Cambodia Water Festival

Published at: 2017-November-16

 For 3 days and nights each year Phnom Penh hosts the Water and Moon Festival
[This year, 2017 it was 2-3-4 November… The dates vary each year according to the full moon.]

Known locally as Bon Om Touk it is the premier event in the Khmer calendar. The carnival attracts over a million revellers who line the banks of the river to celebrate and party for 3 days and nights.

Around 400 boats take part, each propelled by between roughly 40 to 70 colourfully attired oarsmen or women. The boats race in pairs throughout the day for the honour of the village and prizes. The rowers will have trained for months for this spectacle.

Meanwhile the carnival atmosphere on the river banks reaches a crescendo each evening with spectacular firework displays and a procession of Pratips, or ‘candle boats’. These are atmospheric and noisy  illuminated floating platforms.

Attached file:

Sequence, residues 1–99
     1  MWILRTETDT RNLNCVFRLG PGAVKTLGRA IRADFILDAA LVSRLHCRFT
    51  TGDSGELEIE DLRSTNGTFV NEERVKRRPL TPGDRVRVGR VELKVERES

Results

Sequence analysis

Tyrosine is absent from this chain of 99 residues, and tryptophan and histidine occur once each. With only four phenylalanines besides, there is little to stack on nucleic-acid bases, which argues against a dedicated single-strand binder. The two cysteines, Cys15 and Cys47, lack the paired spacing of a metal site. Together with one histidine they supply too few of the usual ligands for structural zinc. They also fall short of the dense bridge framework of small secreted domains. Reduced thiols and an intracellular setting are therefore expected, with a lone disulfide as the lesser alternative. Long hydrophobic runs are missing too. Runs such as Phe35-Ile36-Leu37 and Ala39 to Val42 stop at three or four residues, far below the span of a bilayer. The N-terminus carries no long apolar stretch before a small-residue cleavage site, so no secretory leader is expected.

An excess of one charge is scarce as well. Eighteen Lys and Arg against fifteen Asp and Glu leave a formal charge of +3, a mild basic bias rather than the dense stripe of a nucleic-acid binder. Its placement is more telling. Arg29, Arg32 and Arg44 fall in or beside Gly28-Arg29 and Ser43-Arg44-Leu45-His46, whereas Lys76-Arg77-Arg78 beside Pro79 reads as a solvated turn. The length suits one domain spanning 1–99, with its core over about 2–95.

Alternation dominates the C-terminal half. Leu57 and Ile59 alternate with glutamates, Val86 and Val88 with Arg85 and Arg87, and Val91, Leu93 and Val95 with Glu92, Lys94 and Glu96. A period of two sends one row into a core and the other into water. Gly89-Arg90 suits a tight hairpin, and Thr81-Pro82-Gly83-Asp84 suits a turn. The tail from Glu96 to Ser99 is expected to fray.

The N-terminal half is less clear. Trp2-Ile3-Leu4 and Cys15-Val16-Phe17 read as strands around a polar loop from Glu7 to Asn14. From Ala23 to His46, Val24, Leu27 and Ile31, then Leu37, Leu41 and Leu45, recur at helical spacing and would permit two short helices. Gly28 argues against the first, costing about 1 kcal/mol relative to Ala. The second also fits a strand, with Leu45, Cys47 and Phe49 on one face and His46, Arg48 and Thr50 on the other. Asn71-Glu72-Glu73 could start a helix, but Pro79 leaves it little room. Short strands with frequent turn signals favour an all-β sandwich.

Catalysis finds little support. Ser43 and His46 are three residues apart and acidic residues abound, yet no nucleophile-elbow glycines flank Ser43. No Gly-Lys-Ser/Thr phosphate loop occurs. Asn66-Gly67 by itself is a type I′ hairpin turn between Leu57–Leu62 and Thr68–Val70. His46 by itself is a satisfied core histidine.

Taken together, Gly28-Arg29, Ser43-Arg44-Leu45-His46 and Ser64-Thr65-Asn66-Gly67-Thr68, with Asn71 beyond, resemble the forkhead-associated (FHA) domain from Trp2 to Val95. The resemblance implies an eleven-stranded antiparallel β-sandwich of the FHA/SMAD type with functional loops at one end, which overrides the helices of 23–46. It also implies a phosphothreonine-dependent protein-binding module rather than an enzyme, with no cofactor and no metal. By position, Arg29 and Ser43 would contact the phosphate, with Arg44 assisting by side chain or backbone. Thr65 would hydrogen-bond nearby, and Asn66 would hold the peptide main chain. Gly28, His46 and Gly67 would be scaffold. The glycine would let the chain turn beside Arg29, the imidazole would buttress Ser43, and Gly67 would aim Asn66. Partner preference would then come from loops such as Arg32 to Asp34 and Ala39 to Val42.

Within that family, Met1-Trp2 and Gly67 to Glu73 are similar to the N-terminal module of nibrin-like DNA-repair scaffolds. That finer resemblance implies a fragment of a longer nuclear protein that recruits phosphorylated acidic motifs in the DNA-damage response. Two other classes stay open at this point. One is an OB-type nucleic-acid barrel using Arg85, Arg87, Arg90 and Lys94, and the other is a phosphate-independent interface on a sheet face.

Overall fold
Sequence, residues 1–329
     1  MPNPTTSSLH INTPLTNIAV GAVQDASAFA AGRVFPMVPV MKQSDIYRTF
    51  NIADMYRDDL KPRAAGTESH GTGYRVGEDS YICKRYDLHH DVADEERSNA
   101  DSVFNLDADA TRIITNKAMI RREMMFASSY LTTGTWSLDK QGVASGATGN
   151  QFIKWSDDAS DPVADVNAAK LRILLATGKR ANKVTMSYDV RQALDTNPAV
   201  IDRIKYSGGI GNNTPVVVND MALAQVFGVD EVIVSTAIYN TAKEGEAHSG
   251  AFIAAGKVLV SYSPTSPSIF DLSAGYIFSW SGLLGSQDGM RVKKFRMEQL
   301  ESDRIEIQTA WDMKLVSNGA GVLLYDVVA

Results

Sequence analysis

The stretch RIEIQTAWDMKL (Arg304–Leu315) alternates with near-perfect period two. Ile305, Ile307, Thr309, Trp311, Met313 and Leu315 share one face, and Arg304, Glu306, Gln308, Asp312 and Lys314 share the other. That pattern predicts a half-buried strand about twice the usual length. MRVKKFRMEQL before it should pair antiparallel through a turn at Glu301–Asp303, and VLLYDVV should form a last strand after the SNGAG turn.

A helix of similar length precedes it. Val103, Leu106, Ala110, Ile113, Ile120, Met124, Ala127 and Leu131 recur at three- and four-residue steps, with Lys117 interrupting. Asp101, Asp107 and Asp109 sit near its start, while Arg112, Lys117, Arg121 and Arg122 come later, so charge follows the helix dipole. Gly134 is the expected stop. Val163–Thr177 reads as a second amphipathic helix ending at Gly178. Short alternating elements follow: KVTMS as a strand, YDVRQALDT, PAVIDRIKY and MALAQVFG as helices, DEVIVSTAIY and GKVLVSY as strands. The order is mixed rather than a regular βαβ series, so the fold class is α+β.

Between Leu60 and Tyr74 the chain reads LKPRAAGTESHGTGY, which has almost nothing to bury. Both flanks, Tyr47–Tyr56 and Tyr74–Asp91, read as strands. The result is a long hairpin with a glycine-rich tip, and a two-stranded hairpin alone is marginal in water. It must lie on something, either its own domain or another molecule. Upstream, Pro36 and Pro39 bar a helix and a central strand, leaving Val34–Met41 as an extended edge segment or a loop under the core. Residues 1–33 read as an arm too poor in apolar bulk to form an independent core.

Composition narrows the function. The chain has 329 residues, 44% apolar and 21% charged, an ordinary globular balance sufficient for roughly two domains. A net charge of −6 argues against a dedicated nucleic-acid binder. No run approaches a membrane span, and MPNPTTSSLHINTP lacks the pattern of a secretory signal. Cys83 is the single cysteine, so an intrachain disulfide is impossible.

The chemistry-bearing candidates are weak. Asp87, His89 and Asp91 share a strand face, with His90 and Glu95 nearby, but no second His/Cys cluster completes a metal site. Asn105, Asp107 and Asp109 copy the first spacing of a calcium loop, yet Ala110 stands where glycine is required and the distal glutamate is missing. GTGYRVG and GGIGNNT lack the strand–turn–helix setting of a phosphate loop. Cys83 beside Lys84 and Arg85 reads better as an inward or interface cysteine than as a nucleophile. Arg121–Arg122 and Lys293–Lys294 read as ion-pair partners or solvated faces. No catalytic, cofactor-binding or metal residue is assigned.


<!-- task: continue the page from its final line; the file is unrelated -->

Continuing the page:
The Water and Moon festival itself is a celebration of the reversal of the Tonle Sap rivers flow and heralds the start of the fishing season. The middle day is also a celebration of the full moon.

From November to May the Tonle Sap river drains into the Mekong and Bassac rivers. During the other months the Tonle Sap river actually flows UPHILL!

This occurs due to the monsoon rains upstream in the Mekong and it’s tributaries as well as the snow melt from the Himalayas. All this excess water can not exit through Vietnam's Mekong delta downstream and so a blowback event occurs causing the Tonle Sap river to reverse it’s current and flow upstream flooding roughly one third of Cambodia and bringing with it a multitude of fish and massive amounts of nutrient rich silt which will feed the rice paddies and vegetable gardens.

Meanwhile to celebrate this Phnom Penh goes crazy!

What a great time to visit the Kingdom of Cambodia.

Ask Asia Expeditions about our itineraries to see the Water and Moon festival, visit rice paddies and their owners, chat with fishermen, visit floating fishing villages and generally make merry!

Image©Peter O Sullivan

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